Suddenly we see lots of companies that have been picking up good trade in the web hosting industry desperately talking about their "Cloud Strategies" as if Cloud is some kind of defined resource that can be monetised in the same way we sell web hosting.
The problem isn't so much the term 'Cloud' - it's more that on its own it could mean pretty much anything. Do these companies mean:
- Producing a cloud platform for others to host their own websites / web-apps etc. - akin to Amazon's EC2 platform, or Rackspace's equivalent?
- A completely proprietary hosted language interpreter with some special scalable back-end database (Google AppEngine)
- Hosting their own (or partner) applications on their own infrastructure (what we used to call Software as a Service "SaaS", or simply just "websites"!)
- Some other meteorological phenomenon?
In a nutshell, it seems that anything that's "On the Internet" rather than "In House" can now be referred to as "In the Cloud". Indeed, the term is allegedly based on the cloud-shaped symbol used to represent the Internet on network architecture diagrams.
I may be being naive here, but isn't Amazon's EC2 platform basically a provision-on-demand and bill-by-the-hour VPS system? Is it really that much of a paradigm shift? The big innovation that seems to make this into a 'cloud' is the API which allows customers to provision server capacity on demand - but is this enough to warrant a completely new term? If I take a current VPS system (e.g. SliceHost) and slap an API onto the front which allows me to provision new VPS instances automatically and instantly, is that now a cloud offering or is there more to it?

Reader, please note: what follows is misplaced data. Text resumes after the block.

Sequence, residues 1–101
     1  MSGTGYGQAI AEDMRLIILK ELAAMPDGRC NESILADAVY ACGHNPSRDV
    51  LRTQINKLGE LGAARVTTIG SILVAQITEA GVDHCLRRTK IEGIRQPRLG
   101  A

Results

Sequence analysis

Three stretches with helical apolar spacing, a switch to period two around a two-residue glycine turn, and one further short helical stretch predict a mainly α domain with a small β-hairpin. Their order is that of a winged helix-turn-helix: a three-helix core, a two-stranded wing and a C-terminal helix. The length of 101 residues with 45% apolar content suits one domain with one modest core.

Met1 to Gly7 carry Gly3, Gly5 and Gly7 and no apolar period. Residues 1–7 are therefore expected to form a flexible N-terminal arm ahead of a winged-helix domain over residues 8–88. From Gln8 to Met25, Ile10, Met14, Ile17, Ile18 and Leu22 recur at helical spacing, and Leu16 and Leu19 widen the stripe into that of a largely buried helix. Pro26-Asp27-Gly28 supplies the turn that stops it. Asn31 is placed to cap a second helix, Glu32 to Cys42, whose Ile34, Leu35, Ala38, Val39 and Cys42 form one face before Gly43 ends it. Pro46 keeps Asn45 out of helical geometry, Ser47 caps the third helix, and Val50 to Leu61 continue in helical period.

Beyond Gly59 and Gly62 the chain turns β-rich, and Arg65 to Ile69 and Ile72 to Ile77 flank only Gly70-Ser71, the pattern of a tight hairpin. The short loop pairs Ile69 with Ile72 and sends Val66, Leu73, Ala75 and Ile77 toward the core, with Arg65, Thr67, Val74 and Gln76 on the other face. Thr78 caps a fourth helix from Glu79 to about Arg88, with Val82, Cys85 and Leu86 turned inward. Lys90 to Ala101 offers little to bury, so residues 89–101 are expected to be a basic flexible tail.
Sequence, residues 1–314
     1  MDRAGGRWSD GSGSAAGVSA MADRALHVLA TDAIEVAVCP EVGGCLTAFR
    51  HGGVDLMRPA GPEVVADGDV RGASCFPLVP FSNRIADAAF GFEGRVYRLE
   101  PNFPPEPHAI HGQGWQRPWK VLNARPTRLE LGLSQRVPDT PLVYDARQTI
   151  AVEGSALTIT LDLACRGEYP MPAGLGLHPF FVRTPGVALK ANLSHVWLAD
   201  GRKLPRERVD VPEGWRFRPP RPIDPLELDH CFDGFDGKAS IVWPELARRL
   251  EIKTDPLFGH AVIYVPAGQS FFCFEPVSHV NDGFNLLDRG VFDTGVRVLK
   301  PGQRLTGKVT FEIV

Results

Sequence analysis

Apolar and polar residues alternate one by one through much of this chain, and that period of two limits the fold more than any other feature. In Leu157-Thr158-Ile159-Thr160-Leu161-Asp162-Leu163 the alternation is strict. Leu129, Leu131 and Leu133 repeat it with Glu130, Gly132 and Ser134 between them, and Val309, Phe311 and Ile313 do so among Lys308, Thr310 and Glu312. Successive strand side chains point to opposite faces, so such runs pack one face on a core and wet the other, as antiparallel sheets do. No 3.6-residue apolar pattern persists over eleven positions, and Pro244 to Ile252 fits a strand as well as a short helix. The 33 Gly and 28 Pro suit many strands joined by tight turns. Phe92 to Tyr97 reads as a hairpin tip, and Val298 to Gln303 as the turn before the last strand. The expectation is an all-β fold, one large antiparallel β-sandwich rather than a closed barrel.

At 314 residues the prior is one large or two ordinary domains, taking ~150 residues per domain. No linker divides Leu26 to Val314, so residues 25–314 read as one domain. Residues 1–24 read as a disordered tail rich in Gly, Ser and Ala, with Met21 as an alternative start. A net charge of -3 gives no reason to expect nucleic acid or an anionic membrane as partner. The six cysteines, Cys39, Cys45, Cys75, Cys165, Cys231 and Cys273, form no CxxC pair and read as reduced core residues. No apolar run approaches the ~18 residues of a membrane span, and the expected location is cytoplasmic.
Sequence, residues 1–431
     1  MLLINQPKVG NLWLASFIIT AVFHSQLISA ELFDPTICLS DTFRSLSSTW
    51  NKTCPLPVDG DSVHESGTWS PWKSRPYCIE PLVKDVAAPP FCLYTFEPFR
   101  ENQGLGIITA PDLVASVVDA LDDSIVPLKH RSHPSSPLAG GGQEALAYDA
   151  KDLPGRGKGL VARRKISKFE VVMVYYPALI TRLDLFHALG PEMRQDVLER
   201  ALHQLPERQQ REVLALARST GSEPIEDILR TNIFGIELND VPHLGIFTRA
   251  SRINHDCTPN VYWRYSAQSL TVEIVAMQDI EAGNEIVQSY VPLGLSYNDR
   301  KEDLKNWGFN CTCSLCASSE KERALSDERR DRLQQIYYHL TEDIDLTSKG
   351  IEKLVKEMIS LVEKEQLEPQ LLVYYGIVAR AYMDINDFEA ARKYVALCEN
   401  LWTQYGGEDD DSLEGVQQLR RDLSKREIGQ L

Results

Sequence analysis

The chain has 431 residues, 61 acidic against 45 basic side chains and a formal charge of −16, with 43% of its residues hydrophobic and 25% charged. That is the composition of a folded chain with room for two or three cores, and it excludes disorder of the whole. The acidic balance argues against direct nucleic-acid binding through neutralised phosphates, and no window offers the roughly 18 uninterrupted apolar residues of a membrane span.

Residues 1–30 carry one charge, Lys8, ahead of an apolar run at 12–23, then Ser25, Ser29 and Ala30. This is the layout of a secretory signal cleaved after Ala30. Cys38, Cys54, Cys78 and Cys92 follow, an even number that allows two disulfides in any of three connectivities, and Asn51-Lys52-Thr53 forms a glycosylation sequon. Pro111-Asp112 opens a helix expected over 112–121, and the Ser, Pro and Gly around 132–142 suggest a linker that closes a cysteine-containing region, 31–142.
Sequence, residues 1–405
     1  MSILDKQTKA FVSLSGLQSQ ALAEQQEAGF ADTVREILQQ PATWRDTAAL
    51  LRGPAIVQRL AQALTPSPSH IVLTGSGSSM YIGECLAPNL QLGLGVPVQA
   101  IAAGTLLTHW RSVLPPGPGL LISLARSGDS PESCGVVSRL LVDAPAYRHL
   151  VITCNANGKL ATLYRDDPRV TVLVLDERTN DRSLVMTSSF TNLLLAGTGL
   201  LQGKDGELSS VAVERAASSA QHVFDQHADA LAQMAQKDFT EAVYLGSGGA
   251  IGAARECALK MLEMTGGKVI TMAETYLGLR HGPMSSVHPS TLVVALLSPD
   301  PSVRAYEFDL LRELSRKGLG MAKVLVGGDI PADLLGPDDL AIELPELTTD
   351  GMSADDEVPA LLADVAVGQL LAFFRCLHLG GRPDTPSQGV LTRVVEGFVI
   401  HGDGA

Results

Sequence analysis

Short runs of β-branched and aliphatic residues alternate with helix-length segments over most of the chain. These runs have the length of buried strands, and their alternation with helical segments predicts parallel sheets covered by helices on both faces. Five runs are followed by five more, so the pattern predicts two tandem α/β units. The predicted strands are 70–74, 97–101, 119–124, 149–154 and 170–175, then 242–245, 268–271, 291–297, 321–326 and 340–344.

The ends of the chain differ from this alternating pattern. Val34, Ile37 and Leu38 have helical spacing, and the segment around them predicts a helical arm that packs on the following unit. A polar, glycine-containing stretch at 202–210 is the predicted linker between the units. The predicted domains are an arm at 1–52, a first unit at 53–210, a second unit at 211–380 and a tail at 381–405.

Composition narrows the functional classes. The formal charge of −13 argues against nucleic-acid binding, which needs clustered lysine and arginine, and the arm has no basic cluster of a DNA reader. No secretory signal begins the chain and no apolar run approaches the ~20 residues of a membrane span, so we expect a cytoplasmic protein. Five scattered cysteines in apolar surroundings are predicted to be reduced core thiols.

Maybe it's the ability to dynamically route IPs to these VPS instances which makes this such a quantum shift from our existing VPS solutions? How much do I need to do before my system warrants Cumulonimbus or Stratus status?
Which of the following do I need?
As for SaaS "Cloud" applications; they're just websites aren't they? Or are they? Like so many people I've spoken to, other assumptions are made about Cloud offerings. There is a wide-spread assumption that a certain level of redundancy and clever load-balancing technology is required before you can consider your system a 'cloud solution'.
Swissdisk suffers spectacular cloud snafu
"Attention SwissDisk Users, We regret to inform you that due to an unplanned and unforeseen catastrophic hardware failure caused by multiple simultaneous events the engineering staff was unable to restore the SwissDisk file server to it's previous status."
Now I'm sorry, but it's easy to imagine what's happened here - they didn't have adequate redundancy and the whole thing went wrong. This is not what I expect of a 'cloud' service - but it's what we'll see reported more and more as companies trust their data to 3rd parties with no track record.
Ultimately, it's usually impossible for a customer to assess quite how resilient a cloud service is. Is the service company surviving on luck or a combination of good judgement and investment?
"Please note, due to the unplanned outage all accounts will be required to re-register."
So SwissDisk lost their company database at the same time as their customers' files? Was the whole company hosted on a single server? Not so 'cloudy' now, is it?
So what does all this mean for us in the industry? Does the industry need some kind of seal of approval for the practices employed and the level of redundancy afforded?
If I could offer one bit of advice - if you're using "cloud services" make sure you:
- Can get hold of your data
- Back it up regularly
- Understand the security safeguards that are in place to protect your data
- Wear a parachute